We examined whether a participant’s professional background was associated with a history of intimate partner and family violence and found that allied health professionals (65.6%, 40/61) were significantly more likely to report violence by an intimate partner or family member (p = 0.001) with increased odds at a level of 2.6 (CI: 1.4–4.6). This was compared to their peers in nursing/midwifery (42.5%, 134/315) and medicine (44.9%, 31/69). Neither age or relationship status was significantly associated with fear or violence during the adult lifetime.

Discussion

Our study suggests that intimate partner and family violence, including sexual assault, are frequent traumas in the lives of participating women health professionals. One in ten (11.5%) health professionals had felt fear of their partner, or experienced physical, emotional and/or sexual violence from them during the previous 12 months. To put this into context, this is a substantially higher prevalence than the Australian population community sample (2.1%, N= > 17,000) [5], double the prevalence rate identified in a large workplace survey of Australian teachers and nurses (5.0%, N = 3611) [29], but lower than a clinical sample of patients in primary care (19.6%, N = 1344) [30, 31]. The community surveys have used different methodologies and may not be directly comparable with our survey; however, our findings of a lower prevalence than the clinical sample cited above validates our results, since both samples were assessed using the CAS. We would expect the 12 month rate of IPV to be lower in a sample of currently employed healthcare workers compared with a sample of unwell patients presenting to a primary care doctor with clinical symptoms, since IPV prevalence is consistently higher among those seeking health care, including primary care [32].

Across their adult lifetime, one quarter (25.6%) of participants had experienced fear of a partner, which is similar to the clinical primary care sample discussed above, where the lifetime fear of a partner was 28% (N = 1836) [30]. More than one in ten (12.1%) participants had been raped by their partner, which is considerably higher than both the Australian population community sample (9.2%) [5], and a large community sample of women aged 34–39 years where the prevalence (assessed by the CAS) was 6.3% (N = 7768) [33]. Forty-five percent of our sample (45.2%) had experienced either violence from a partner or family member, with 12.8% having experienced both. Half (50.8%) of all participants had a lifetime history of interpersonal violence, perpetrated by either a partner, family member or somebody else. These findings are difficult to place in a broader context because of difference in the measures used. They indicate however, that the violence burden in health professional women’s lives may be high and overwhelmingly perpetrated by partners and family members. Further to this finding, while a fifth (19.8%) of participants identified that they had been the victim of violence by somebody outside the home, only a small proportion (5.6%) had experienced this category of violence in isolation; most survivors had a combined history of intimate partner and family violence. When asked about the perpetrator of the other violence, the majority (89.7%) were men known to the survivor: their friends, patients and colleagues.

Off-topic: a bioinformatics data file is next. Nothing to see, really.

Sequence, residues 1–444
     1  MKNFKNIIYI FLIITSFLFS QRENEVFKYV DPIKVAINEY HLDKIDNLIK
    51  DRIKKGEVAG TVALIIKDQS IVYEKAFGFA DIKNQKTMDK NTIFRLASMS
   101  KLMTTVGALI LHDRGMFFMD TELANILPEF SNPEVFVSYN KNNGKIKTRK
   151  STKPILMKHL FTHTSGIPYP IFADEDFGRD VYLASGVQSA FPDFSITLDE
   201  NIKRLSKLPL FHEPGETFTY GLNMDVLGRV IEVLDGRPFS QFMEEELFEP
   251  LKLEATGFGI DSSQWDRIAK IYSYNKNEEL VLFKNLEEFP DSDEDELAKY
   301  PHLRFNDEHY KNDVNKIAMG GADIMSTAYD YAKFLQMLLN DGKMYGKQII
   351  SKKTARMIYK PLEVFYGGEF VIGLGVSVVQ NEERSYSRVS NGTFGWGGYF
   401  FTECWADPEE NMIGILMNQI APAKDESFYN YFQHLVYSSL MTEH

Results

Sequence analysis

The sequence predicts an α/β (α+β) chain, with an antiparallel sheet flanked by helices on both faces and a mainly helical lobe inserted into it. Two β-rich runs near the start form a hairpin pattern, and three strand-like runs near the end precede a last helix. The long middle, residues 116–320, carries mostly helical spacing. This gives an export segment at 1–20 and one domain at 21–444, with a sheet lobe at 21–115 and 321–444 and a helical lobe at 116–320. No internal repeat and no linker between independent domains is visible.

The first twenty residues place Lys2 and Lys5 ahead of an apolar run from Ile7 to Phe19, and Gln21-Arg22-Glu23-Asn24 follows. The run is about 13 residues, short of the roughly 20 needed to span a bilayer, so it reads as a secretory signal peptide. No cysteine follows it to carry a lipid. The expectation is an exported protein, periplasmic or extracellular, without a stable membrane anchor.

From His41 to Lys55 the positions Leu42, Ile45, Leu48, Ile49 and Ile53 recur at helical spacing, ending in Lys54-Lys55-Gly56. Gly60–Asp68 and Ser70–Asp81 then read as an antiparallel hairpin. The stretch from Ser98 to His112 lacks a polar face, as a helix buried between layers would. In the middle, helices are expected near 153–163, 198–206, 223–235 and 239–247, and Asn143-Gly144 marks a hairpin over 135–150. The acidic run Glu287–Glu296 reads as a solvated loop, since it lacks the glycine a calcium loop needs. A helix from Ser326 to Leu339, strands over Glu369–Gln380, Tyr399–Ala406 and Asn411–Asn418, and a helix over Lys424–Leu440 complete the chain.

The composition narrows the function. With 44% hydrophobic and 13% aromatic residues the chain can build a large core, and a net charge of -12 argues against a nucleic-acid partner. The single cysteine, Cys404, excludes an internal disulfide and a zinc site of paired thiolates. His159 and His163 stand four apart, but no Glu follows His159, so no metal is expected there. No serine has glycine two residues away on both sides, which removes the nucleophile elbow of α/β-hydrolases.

We found that being an allied health professional was significantly associated with intimate partner and family violence. Since the majority of allied health professionals employed at the research site were social workers, and social workers are regularly referred to once a patient with a history of intimate partner and family violence is identified, they are therefore a professional group who are familiar with discussing narratives of violence [9]. Some research has indicated that people who work in the helping professions may have spent greater time confronting their personal trauma histories motivating them to support others recovering from trauma [34]. It follows then that allied health professionals may have been more willing to disclose intimate partner and family violence in this survey, or they may indeed have a higher prevalence of intimate partner and family violence. Social workers are also at higher risk of experiencing vicarious or secondary trauma from listening to the traumatic stories of their patients [35]. This warns of a potentially high cumulative trauma load stemming from the combination of primary and secondary trauma, and underscores the need for resources to assist health and other helping professionals in their work supporting patients.

Strengths of this study include the well-validated scale we used to measure IPV [27] and the representation of different health professionals. Our study is the first to publish the prevalence of IPV more than 12 months ago using the CAS, another strength of the research. The overall response rate of 45.0% is not optimal, but given the sensitive nature of this survey [36], its length, and the heavy work demands of our participants, it is comparable to similar rigorous research [12]. Other limitations of this study include; self-report and social desirability which might have led to under-reporting of violence, non-response bias and the single recruitment site which prevents generalisability of findings [37, 38]. There is the potential for recall problems with both 12 month, and lifetime measures, or “telescoping”, remembering incidents as occurring more or less than they did [39]. It is also possible that survivors of violence may be more interested and willing to participate in intimate partner and family violence research than other people [38]. These issues acknowledged, over-reporting is widely agreed to be rare in intimate partner and family violence research, while there is substantial concern about underreporting [40]. We found participants more frequently reported Emotional Abuse and/or Harassment in the previous 12 months and Severe Combined Abuse in the period longer than 12 months. Since no evidence suggests that the prevalence of emotional abuse decreases over time, we speculate that the tendency to report non-physically abusive behaviours might recede over time, indicating possible underreporting of lifetime Emotional Abuse and/or Harassment in our study.